Enter platform engineering. This is a complement to, and not a replacement for, DevOps, and has trickled down from organizations such as Google, Airbnb, and Spotify. Here, a dedicated platform engineering team builds an internal development platform that supports the engineering life cycle and provides continuous integration/deployment/testing as a service (Figure 1). The platform provides developers with a suite of tools, including codebases, testing scripts, frameworks, and maintenance software, to meet aggressive SLAs. It minimizes cognitive load, freeing teams to focus on core product development, such as understanding business and domain requirements.
According to Puppet’s 2023 State of Platform Engineering survey, 94% of respondents agree that platform engineering helps their organizations realize the benefits of DevOps. They admitted improvements in system reliability (60% agree), greater productivity and efficiency (59%), and better workflow standards (57%). Around 30% of respondents said that platform engineering serves the entire organization, making it a catalyst for enterprise-wide engineering cultural transformation. This is even more attractive for smaller organizations that lack resources to build expert DevOps and site reliability engineering (SRE) teams.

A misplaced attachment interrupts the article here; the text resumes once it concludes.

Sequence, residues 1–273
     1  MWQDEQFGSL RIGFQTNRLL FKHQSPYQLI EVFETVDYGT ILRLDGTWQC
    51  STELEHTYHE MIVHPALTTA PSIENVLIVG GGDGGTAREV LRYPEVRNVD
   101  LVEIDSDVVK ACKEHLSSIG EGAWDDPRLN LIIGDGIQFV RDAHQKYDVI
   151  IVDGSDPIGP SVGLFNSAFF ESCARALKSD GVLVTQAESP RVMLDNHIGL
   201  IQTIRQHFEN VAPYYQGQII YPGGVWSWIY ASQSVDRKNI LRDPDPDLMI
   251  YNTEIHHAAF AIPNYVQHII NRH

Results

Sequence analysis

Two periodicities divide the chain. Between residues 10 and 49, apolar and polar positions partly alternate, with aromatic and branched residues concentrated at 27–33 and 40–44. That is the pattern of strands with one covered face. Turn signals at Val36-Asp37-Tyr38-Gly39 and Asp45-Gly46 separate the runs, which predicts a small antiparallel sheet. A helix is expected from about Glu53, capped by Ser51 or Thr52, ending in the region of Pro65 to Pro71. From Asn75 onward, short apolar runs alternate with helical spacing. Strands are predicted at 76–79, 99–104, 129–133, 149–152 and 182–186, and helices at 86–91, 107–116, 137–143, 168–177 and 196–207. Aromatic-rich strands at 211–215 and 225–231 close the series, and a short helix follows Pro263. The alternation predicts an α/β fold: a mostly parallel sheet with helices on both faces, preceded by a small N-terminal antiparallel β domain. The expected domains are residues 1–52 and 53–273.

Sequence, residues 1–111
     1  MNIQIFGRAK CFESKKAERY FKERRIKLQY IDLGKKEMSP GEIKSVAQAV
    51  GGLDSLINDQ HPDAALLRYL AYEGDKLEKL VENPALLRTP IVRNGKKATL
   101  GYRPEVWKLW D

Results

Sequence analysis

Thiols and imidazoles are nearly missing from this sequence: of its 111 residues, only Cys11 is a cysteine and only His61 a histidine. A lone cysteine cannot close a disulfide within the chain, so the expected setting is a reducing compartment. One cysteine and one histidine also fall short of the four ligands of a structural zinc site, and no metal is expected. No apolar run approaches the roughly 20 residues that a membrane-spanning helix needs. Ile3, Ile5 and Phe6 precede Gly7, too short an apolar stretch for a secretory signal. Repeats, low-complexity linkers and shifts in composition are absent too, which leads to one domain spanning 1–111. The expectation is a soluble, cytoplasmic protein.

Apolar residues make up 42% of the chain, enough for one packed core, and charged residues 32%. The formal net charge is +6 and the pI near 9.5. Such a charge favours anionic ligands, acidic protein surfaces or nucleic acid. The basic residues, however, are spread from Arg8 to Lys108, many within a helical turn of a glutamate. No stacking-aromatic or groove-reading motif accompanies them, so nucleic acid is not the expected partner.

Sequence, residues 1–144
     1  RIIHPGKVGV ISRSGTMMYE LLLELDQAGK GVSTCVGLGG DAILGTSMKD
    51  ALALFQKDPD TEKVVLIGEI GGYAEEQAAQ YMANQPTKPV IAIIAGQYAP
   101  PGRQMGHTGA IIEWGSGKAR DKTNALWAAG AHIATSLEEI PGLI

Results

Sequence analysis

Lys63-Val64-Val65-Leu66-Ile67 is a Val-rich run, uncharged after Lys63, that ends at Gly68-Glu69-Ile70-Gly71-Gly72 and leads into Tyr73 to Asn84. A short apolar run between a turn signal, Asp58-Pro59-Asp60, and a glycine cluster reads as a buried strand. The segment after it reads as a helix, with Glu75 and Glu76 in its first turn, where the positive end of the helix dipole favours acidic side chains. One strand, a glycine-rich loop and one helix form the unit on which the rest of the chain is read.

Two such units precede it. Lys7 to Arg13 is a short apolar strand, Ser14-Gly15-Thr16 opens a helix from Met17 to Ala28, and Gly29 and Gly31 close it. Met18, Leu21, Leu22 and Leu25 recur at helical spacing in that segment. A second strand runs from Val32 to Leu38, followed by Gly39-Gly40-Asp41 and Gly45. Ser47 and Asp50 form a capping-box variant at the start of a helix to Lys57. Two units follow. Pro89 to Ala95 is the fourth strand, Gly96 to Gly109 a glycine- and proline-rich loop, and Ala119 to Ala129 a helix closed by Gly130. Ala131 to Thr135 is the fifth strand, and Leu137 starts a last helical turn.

Figure 1. The typical components of an internal development platform
Why platform engineering is the need of the hour
But it’s not just burnout and tool sprawl that are driving the transformation. In the age of cloud-native, multicloud, container-orchestration, and software-defined networking, knowing what to build, deploy, and maintain has become an art. Internal development platforms that provide tooling for Kubernetes abstraction are crucial to deal with these challenges. Platform engineering teams and internal development platforms also drive the adoption of better standards, such as those developed by OpenTelemetry (for observability), OpenAPI (for describing and documenting APIs), and Software Package Data Exchange (SPDX) for software bills of materials. These platforms enforce quality by setting guardrails for developer self-service.
The rise of software and engineering trends such as DataOps, MLOps, and data mesh architecture, which all rely on self-service, shift-left security, and everything-as-code, has forced firms to use platform engineering best practices and internal development platforms, even if they don’t know it is platform engineering that they are actually doing.
Gartner predicts that by 2026, 80% of software engineering organizations will establish “platform teams as internal providers of reusable services, components and tools for application delivery.”
When platform engineering works well
Gartner named platform engineering as a top tech trend for 2023 and included it in its hype cycle. However, as with all innovations, platform engineering may become a golden cage, rather than a well-trodden golden path (or “paved road”) to supplement and guide the core engineering team. Platform engineering should provide an intuitive and easy developer experience, not one that forces them to change their workflow.